5. Identify three things that are going right, today, and give thanks. With so much turmoil in the world it is easy to forget that there is so much good happening as well. In fact, I believe there is more love than evil on the whole, and focusing on the love expands it. In addition, being in a space of gratitude invites life to give us more things to be grateful for.

Come, take my hand, friend. Let’s walk together, right here, right now, to this pond of existence and drop these pebbles of small, conscious action into it, and watch as their ripples go out and change the world.

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The Point of Life and Work, as I See It

by Nick Andrea

All exist within a single, interconnected Cosmos that is alive with consciousness. Even the ancient Greeks who coined that term, believed so. We, as miniature reflections of That, are literally the Universe becoming conscious of Itself.

Our job is to realize that. One’s sense of individuality is then merged in cosmic individuality, the small conscious self realizing itself as the non-dual Large Self, that contains all things.

Thinking upon how this applied to one’s work in the world I concluded that if one wants the enduring peace of God one should be unattached to the fruits of our labors, devoting our unique, creative gifts to the great work of helping all beings wake up to their true nature.

The antithesis to this is to work for personal gain, the dominant ideology that runs our world. This, I believe, is a great fallacy. What is there for one individual to gain that does not belong to the Cosmos, in the end? There is no selfish endeavor that can end in happiness.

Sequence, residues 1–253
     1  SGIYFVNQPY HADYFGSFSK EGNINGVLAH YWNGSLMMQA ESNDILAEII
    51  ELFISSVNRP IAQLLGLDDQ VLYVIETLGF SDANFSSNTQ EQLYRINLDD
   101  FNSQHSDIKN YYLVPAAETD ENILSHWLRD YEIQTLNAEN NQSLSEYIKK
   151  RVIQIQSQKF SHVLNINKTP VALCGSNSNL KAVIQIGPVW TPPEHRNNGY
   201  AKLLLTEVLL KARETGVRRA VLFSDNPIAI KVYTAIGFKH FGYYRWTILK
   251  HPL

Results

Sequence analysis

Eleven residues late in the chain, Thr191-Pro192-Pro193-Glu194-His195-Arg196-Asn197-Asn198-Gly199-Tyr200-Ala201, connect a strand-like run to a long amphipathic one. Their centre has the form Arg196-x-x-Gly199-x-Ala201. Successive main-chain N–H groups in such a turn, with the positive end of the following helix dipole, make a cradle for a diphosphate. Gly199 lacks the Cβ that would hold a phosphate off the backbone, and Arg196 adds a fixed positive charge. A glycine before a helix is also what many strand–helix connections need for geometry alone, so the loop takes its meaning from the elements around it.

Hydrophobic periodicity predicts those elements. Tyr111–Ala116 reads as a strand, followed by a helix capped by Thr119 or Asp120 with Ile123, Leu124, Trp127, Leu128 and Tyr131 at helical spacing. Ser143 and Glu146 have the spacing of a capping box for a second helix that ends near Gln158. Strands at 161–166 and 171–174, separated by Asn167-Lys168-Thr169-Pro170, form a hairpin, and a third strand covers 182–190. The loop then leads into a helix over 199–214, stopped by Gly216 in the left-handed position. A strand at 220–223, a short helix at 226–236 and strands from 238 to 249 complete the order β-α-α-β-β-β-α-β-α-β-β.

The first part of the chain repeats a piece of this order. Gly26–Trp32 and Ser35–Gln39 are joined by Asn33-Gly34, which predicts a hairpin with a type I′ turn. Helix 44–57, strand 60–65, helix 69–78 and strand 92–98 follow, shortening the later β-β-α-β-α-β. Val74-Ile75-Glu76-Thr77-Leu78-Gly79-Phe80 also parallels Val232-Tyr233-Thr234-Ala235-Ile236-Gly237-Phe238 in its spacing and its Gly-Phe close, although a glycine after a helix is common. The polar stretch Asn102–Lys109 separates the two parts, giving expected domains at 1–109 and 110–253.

But to have the deep and enduring peace of God one should be like God, and God ONLY serves. So, that, I think, should be our goal, too.

Posted in Business Lessons, Children & Youth Spirituality, Culture, Expansive Blog, Inspiration, Metaphysics, Politics?, Unitarian Universalism, Wisdom from Meditation | Tagged , , , , , , , , , , , , , , , , , , , , , , , , , , , , , , , , , , , , , , , , , , , , , , , , , , , | Leave a comment

Too Simple for Words

by Nick Andrea

It is That,
uttering this very mantra in me,
as me.

It is That One,
chanting now through me,
as me,
to Itself.

It is That Very One
thinking now in me,
as me,
the thoughts It wants thought.

Who is
really running
this show
after all?

The small one knows
no other way
to explain it than this. It’s almost

too simple
to put
into
words. In fact,

It
just
may
be.

Posted in Children & Youth Spirituality, Encounters With Spirit, Expansive Blog, Haiku, Inspiration, Intuition, Journal, Love Chronicles, Metaphysics, Poetry, Science and Spirit, Unitarian Universalism, Wisdom from Meditation | Tagged , , , , , , , , , , , , , , , , , , , , , , , , , , , , , , , , , , , , , , , , , , , , , , , , , , , , , , , , , , , , , , , , | Leave a comment

The Boy’s Mother

by Nick Andrea

The dusking sunlight cascades down through the window, 93 million miles from the Sun, to illuminate this 6-year old boy’s face, as I sit here listening to him recall every vivid detail of his dream;

the account of his nocturnal escapade mesmerizes me;
he stumbles over words a nervous system that age does not need to know – “chrysalis,” for one, among others;

driven by pure curiosity this spirit-as-flesh – alive, aware, bubbling – is not entirely a real thing, that is to say, a separate thing;

but that what is seen is also the space between;
that space interests me more than the words,
which from it derive their context, as if it were mothering them;

each passing sound anticipates the next,
ever
silently
in
motion;

undying, it has been here since before Abraham;
the ground upon which the dinosaurs walked;
the ferocious serenity before the first explosion, fourteen and a half billions years ago;
will remain when this world and all other worlds perish, beckoning the next form into existence;

what is this timeless chrysalis,
right here, right now, the space between the one looking and what is seen?

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Space Shuttle

by Nick Andrea

I must be on a space shuttle,